Decision Before Dawn / Berlin Express
Part of the series Runaway Hollywood: Global Production in the Postwar World.
In-person: Author Daniel Steinhart
Decision Before Dawn
Many of Hollywood’s postwar films that were shot in Germany examined how the United States should deal with its wartime enemies. Anatole Litvak, a Ukrainian-born Jewish director who had worked in Germany prior to coming to Hollywood, addresses this concern with the story of a German prisoner of war who is recruited by American forces to carry out a spy mission behind enemy lines. Realistically shot on location among Germany’s ruins by Franz Planer, another Jewish exile of the German movie industry, the film is a tense morality tale of courage and dissent. (1952, dir. Anatole Litvak, 35mm, black and white, 120 min.)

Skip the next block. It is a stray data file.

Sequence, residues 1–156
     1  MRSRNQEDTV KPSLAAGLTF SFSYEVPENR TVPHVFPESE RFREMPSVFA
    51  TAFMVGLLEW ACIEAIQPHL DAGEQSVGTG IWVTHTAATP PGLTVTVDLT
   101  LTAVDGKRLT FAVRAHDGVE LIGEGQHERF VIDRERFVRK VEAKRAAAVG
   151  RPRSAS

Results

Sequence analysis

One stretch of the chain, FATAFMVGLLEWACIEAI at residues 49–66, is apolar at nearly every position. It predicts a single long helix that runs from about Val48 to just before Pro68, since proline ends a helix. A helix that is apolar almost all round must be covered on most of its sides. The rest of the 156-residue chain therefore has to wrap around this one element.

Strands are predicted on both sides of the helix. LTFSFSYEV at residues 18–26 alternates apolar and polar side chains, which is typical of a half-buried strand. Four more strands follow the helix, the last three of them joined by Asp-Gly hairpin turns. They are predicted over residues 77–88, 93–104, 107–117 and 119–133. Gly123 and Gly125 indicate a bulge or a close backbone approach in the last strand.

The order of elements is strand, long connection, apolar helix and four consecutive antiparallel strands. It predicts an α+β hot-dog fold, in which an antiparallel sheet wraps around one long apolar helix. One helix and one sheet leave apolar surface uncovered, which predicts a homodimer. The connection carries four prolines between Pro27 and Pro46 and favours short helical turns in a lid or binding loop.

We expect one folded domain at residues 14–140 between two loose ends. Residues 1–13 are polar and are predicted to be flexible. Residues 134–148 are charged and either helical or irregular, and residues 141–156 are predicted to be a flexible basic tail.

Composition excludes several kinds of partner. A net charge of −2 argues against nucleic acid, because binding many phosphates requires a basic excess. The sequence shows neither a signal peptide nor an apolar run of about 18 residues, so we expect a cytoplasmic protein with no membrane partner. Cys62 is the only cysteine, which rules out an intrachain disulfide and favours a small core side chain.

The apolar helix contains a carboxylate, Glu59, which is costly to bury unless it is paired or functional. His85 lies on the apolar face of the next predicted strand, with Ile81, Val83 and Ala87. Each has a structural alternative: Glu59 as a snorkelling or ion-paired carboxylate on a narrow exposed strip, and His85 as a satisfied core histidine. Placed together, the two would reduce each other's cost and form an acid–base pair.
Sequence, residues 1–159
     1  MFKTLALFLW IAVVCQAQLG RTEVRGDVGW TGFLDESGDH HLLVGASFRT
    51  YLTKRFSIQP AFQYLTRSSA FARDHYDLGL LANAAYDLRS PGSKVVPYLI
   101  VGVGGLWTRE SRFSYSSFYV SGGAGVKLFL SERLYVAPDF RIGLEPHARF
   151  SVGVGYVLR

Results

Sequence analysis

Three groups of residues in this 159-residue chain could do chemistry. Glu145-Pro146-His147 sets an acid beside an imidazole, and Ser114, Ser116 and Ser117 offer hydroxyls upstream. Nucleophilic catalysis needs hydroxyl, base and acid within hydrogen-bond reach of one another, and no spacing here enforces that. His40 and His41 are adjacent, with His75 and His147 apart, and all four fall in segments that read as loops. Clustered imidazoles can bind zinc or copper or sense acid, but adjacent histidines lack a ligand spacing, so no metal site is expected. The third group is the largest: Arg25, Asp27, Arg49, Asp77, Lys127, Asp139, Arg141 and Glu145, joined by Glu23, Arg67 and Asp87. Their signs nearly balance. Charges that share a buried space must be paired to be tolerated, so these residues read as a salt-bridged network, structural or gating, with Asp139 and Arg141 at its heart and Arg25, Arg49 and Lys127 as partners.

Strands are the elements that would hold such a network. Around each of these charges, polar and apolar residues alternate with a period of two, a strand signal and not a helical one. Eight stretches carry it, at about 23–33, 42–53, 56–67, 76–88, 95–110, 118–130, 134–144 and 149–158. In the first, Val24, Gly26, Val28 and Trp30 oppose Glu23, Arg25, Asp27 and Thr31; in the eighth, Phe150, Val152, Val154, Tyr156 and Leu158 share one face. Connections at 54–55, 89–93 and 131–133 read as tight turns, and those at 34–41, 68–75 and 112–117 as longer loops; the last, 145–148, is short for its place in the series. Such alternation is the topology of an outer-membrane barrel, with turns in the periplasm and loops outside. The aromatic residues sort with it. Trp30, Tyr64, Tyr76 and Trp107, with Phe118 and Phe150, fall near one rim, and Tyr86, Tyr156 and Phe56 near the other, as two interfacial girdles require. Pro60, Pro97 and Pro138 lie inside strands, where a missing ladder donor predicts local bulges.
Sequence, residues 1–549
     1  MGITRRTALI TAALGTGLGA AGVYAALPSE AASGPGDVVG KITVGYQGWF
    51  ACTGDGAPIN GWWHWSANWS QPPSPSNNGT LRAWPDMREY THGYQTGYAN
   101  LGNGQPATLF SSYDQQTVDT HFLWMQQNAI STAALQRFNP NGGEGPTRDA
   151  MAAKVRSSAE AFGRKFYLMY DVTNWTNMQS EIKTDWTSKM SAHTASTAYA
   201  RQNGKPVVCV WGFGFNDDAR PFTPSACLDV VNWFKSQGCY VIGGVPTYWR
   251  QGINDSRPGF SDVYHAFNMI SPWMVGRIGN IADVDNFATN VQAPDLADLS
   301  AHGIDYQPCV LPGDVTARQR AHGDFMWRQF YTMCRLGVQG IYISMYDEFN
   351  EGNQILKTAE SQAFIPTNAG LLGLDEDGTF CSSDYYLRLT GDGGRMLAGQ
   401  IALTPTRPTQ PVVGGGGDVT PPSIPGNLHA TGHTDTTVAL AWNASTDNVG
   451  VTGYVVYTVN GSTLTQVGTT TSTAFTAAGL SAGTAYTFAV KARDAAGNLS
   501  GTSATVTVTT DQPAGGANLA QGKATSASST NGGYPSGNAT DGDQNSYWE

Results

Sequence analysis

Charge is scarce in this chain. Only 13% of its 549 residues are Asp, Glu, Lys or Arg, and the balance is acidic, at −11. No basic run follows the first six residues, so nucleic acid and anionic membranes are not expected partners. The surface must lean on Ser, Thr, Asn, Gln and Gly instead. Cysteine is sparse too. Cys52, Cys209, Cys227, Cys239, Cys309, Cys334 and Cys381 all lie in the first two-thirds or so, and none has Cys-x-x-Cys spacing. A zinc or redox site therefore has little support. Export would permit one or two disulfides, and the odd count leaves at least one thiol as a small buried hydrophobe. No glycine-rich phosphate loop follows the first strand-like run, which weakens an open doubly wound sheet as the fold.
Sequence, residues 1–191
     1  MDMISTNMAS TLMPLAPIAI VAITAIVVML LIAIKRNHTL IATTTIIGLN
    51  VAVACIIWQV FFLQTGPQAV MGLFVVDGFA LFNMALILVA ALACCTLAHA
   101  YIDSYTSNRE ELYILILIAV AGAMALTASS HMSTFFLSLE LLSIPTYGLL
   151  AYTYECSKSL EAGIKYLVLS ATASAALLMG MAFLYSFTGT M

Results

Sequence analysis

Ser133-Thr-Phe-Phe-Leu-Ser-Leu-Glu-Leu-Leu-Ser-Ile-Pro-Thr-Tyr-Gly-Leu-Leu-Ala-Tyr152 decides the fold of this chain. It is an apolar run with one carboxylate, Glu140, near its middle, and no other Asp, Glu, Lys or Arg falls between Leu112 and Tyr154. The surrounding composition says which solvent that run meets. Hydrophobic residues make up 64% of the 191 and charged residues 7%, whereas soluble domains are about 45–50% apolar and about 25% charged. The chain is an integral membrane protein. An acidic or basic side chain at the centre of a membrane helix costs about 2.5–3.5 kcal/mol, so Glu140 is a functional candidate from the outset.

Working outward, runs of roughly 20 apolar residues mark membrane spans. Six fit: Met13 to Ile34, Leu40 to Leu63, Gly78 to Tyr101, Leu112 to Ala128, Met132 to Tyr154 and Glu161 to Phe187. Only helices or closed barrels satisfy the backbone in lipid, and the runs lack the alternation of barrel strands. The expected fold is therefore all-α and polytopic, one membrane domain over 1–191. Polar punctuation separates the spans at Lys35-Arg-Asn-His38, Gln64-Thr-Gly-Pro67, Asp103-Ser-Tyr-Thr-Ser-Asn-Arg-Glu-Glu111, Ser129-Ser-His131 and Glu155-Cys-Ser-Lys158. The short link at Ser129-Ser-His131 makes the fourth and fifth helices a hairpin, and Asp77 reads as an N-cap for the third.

In one of the first Hollywood productions to shoot in Germany after the war, a trans-European express train becomes a microcosm for the politics of war-ravaged Europe as an unlikely group of allies come together to protect the life of a respected peacemaker. Director Jacques Tourneur demonstrates his knack for intrigue while cinematographer Lucien Ballard renders real locations in Paris, Frankfurt, and Berlin with noir atmospherics. The film is a striking document of war’s devastation and an allegory of postwar cooperation. (1948, dir. Jacques Tourneur. 35mm, black and white, 86 min.)